Ally explained Nature’s Greatest Coincidence. So called because the moon and sun look the same exact size, but the sun is 400 times bigger and 400 times farther away from earth so they appear the same to us. When the moon covers the sun, the air is like dusk, but with an unfamiliar greenish-yellowish cast.

Baily’s Beads were described as tiny balls forming a glowing circle around the black sun like a necklace of pearls and as the last bit of sunshine passes through the deepest valley of the moon, a huge diamond ring formed. The moon’s shadow passed quickly.

In the book, Ally was amazed by the solar eclipse at totality: the pearly white corona suddenly streams out from behind the dark moon in all directions, pulsing, looping, swirling, glowing, a halo of unearthly light. Bree screamed as the moon’s shadow zoomed like a wall of ghosts, and she saw streams of light fanning out behind the darkened sun like the wings of a butterfly. Jack was shocked by the fact that a fiery circle was the only thing that proved the sun still existed, like a big eye beaming down.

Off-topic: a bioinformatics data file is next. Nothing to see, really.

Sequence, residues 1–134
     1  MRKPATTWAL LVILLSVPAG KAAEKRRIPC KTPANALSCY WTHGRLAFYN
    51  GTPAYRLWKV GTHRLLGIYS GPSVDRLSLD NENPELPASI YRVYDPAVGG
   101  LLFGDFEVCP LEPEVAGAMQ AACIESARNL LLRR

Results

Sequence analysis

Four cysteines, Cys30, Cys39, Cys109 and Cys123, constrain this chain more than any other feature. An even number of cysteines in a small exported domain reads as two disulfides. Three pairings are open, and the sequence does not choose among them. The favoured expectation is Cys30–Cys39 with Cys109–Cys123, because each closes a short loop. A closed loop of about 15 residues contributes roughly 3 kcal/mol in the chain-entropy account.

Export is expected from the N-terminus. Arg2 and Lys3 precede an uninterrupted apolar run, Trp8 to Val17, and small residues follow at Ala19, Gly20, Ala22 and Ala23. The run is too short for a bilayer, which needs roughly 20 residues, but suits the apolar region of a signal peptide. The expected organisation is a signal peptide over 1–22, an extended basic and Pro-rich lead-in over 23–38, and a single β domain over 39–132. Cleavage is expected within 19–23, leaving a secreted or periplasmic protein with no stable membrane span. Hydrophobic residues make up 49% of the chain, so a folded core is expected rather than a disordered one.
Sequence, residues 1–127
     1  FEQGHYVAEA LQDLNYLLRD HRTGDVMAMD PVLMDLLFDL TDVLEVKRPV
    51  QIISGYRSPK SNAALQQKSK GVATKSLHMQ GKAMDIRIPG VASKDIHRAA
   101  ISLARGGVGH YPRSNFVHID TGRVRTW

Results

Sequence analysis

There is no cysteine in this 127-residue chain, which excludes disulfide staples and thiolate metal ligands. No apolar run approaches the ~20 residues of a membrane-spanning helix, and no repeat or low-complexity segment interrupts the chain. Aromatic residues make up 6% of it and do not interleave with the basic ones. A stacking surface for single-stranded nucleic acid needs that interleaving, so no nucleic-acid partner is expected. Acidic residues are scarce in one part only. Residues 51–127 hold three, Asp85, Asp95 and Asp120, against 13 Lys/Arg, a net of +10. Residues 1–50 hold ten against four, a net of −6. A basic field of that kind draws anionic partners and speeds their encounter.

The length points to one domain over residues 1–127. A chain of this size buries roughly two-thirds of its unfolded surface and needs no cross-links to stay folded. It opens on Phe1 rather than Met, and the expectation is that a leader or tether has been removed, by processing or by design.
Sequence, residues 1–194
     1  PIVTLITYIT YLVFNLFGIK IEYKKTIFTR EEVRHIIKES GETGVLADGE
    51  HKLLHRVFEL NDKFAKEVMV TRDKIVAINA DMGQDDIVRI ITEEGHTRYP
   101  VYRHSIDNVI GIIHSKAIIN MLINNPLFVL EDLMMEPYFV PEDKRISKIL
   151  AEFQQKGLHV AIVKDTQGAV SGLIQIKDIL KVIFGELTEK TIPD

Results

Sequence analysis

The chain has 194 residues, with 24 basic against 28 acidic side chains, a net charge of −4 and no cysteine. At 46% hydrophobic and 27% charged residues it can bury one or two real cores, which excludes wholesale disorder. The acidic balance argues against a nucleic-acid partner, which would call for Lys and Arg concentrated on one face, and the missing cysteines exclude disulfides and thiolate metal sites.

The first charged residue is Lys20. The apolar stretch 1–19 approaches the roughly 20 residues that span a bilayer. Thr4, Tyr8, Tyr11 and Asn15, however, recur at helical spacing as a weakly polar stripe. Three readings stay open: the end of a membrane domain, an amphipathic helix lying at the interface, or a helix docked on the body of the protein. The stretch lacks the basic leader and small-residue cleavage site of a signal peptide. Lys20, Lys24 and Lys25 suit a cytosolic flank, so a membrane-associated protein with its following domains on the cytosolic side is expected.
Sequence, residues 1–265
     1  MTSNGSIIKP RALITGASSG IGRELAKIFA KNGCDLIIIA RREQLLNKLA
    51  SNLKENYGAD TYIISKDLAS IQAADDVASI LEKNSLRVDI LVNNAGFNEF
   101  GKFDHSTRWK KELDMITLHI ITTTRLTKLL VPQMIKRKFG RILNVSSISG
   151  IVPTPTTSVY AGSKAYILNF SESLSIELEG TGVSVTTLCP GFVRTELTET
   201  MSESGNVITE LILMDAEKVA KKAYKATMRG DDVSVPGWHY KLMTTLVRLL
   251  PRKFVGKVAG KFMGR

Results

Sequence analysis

“I finished your book,” I told my Grand. “I learned a lot about the eclipse we’ll see next week.”

“Really?” she said. “I never read the fact stuff. Not the introduction or author’s notes. I just read the story.”

“You don’t remember how the characters described the eclipse?”

Elise giggled before saying, “I remember how one threw up all the time! That was funny. Gran, you should read other books that Wendy woman wrote. Some of the same characters are in them.” She told me about two other books.

It’s good when books and events, like Nature’s Greatest Coincidence, connect generations.

 

Can You Go Home Again?

It’s said you can’t go home again, but I did. I sat on a pew on the right side of the church sanctuary beside the middle window. Where as a child I sat between Mom and Dad every Sunday morning for church services.

Byrdstown First Christian Church in Pickett County celebrated its centennial anniversary and invited former members to Sunday service. When I stepped inside church, my shoulders relaxed and I exhaled. The same wooden pews. Light oak pulpit, front and center. Song books in pew racks. People welcomed me and greeted me by name.